“The disciplinary process was not able to be completed because the officer retired,” Savano told the Argus-Courier earlier this month.

Novello was Petaluma’s 2016 Officer of the Year and retired as a sergeant after rising steadily through the department’s ranks. If convicted, he could face up to a year in jail, a $10,000 fine and the prospect of losing the right to bear arms in California as a result of the charges.

In court documents requesting a diversion, or a lighter sentence, in the case, Novello’s defense team details a chaotic scene the night of July 20, 2020, and paints Novello as a victim of overzealous prosecutors.

“It bears acknowledging the elephant in the room; that but for Mr. Novello’s position as a police officer in this encounter, he would not be here,” according to the court filing.

The night of the incident, Novello was the on-duty patrol supervisor, assisting other officers at Petaluma Valley Hospital with another person when Cole was spotted on the floor yelling that hospital staff had thrown her off the bed and injured her, according to the court filing.

“Medical records indicate she passed out due to alcohol ingestion and did not hit her head,” according to Novello’s filing. “She falsely accused the staff of mistreating her and calling her names because she is African American. She later intentionally hit her head on the edge of the bed.”

When provided Novello’s description of the incident, Cole said via text message that she disagreed with the characterization, adding there was more to the case than the events from that night.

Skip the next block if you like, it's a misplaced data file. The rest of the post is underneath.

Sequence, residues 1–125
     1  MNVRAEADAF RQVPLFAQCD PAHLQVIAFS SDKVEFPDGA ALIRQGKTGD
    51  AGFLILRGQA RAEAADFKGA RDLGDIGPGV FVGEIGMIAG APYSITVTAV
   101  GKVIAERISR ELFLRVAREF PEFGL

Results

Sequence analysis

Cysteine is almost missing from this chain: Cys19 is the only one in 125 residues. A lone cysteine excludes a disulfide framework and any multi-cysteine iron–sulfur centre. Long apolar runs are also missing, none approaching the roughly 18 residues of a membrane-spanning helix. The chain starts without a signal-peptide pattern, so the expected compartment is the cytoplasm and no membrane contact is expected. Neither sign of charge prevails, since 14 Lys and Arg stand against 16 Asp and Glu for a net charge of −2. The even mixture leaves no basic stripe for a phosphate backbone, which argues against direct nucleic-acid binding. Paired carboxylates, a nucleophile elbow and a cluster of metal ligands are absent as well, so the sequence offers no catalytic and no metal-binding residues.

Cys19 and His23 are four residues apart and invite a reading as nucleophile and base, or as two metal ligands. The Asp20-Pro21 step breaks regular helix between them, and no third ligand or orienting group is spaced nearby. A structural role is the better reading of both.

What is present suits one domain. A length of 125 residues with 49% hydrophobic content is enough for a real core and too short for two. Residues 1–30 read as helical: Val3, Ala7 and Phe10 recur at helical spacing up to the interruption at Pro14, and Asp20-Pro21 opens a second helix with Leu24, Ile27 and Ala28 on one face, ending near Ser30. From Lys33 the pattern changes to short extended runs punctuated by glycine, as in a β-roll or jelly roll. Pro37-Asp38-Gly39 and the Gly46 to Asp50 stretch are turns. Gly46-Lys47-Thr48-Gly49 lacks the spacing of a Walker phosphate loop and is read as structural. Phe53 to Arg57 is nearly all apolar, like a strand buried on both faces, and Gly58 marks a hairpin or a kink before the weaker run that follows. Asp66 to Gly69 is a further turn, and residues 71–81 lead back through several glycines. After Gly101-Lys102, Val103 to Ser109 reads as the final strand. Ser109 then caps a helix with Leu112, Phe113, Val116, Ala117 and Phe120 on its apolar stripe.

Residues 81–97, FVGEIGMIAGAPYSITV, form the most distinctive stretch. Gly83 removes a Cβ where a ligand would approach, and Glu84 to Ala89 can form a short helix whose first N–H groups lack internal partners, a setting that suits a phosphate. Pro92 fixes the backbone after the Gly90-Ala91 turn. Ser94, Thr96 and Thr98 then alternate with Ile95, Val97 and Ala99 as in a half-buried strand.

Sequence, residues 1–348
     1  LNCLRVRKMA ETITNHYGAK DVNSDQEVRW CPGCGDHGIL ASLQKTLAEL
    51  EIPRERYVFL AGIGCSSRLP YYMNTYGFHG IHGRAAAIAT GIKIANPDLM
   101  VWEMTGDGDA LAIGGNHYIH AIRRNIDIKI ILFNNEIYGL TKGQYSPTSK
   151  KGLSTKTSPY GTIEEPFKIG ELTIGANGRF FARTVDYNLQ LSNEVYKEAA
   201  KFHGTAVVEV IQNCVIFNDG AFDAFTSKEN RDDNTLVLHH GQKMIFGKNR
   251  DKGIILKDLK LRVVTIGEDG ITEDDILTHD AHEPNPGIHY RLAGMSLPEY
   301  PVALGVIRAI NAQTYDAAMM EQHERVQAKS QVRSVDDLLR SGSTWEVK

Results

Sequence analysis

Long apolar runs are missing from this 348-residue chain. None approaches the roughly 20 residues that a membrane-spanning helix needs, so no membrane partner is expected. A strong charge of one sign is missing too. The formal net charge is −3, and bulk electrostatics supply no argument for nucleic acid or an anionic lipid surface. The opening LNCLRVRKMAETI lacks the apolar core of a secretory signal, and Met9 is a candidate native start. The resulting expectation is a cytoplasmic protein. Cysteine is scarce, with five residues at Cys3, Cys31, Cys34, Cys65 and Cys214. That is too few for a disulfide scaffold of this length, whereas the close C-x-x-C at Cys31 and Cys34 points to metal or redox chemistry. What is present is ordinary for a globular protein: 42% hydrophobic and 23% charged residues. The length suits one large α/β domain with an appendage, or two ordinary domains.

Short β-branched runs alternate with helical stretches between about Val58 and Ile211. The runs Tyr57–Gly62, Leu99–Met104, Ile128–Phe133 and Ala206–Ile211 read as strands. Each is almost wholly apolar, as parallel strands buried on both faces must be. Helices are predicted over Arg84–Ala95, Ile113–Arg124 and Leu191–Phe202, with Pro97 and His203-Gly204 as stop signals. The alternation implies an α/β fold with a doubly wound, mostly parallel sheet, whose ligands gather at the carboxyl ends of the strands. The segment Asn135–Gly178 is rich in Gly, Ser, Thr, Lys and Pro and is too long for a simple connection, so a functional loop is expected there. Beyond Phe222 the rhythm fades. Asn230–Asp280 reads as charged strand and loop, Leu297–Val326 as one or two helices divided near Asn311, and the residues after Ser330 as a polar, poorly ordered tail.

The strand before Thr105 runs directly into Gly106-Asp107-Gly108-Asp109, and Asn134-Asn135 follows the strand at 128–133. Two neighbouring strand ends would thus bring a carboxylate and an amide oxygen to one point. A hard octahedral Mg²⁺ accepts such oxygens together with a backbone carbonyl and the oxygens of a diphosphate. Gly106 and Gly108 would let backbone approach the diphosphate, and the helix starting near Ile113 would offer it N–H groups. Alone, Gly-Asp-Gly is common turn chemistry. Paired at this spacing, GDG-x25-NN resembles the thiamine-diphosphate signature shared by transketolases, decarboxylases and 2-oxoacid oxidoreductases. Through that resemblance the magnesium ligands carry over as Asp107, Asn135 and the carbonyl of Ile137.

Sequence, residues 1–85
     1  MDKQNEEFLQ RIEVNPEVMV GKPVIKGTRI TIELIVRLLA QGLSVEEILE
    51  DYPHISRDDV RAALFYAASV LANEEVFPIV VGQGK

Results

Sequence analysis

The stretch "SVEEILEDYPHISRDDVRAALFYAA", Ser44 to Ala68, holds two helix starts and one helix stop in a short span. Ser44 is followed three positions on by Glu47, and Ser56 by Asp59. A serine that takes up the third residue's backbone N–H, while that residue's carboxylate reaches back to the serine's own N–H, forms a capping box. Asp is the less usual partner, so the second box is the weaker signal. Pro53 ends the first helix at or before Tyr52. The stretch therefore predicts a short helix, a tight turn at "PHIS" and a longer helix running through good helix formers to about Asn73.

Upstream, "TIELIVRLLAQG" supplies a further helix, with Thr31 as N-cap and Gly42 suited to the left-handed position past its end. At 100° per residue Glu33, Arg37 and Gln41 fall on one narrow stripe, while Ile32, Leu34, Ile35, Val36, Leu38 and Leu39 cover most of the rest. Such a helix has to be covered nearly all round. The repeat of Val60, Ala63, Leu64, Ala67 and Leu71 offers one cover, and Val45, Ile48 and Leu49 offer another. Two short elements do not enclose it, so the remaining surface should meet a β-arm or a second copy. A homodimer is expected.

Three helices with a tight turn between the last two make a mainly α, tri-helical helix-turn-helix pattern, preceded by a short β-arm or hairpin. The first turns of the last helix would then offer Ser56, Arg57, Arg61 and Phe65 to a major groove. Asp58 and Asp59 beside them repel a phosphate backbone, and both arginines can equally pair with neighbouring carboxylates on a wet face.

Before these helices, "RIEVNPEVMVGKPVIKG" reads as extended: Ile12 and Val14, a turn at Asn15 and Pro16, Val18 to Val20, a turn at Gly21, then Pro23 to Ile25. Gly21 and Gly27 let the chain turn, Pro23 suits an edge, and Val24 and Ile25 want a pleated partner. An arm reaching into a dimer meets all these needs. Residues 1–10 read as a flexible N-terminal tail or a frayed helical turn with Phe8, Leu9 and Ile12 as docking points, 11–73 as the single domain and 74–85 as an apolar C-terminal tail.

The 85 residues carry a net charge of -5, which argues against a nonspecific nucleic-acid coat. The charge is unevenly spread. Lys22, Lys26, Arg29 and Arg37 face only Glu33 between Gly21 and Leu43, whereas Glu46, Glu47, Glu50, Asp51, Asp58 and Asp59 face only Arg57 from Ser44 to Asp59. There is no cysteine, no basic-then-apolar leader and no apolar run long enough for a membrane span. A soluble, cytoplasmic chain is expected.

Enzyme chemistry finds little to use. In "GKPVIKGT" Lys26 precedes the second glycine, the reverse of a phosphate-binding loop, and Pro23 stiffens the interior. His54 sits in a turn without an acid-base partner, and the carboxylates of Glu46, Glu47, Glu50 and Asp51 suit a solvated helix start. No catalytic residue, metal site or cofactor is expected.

Cole declined to comment further on the case, or detail which portions of Novello’s story she disputed.

The court filing describes an escalating scene that progressed to the hospital’s parking lot, where Cole is alleged to have continued yelling at officers who questioned Cole’s mother about unrelated allegations Cole had made.

“(Novello) later told her that she was free to leave, and that she needed to start listening. He told her several times to ‘shut her mouth,’” according to the court filing.

The pair bumped into each other shortly after, according to the filing, and the situation escalated further, with Cole pointing a pen between Novello’s eyes “as she yelled at him in an unhinged fashion.”

“He grabbed her wrist to avoid being stabbed with the pen in the eye or face, and held it down,” according to the filing, which went on to describe ongoing allegations from Cole in the ensuing struggle. “She said that she was suing everybody, and that ‘at least, I’ll get a civil suit out of it.’”

Novello’s defense team argued the former officer, a married man and father of two adult children, deserves a diversion, which could include replacing possible jail time with education courses.

“His law enforcement career abruptly ended as a result of the instant incident,” the filing says. “This has had an immeasurable and unimaginable impact on his family and him.”

Tyler Silvy is editor of the Petaluma Argus-Courier. Reach him at, 707-776-8458, or @tylersilvy on Twitter.